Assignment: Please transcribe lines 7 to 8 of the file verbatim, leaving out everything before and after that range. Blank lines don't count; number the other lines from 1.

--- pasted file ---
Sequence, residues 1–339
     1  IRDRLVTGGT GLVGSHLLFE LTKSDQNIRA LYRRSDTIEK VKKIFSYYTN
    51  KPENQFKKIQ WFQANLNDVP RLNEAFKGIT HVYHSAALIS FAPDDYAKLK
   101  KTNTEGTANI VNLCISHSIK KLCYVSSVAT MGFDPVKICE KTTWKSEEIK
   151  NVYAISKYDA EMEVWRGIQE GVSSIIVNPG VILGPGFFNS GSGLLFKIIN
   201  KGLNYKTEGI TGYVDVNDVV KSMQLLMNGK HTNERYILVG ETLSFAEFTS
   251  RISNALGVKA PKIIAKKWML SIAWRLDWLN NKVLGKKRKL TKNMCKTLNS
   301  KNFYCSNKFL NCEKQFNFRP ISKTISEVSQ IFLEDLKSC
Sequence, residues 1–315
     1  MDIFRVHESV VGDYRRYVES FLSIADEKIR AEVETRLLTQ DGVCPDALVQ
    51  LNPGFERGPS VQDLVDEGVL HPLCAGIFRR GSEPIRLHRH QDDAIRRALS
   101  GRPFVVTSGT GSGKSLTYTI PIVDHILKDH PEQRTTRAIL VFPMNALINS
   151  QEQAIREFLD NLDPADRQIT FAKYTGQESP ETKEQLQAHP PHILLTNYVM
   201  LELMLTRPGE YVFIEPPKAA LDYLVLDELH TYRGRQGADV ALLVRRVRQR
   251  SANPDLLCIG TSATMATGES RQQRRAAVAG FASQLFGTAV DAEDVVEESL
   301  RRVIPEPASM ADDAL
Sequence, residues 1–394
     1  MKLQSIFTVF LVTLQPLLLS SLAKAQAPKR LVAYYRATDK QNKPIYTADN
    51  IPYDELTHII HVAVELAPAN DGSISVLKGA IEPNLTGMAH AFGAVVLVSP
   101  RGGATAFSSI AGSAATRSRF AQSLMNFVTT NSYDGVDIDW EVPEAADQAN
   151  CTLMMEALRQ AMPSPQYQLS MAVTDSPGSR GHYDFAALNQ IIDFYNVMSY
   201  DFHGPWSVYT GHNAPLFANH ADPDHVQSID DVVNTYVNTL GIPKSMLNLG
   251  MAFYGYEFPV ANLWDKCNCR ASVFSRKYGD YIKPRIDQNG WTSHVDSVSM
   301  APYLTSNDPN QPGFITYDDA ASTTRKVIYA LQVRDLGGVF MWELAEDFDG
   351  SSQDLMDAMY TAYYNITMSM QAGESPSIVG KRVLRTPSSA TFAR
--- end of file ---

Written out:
   251  RISNALGVKA PKIIAKKWML SIAWRLDWLN NKVLGKKRKL TKNMCKTLNS
   301  KNFYCSNKFL NCEKQFNFRP ISKTISEVSQ IFLEDLKSC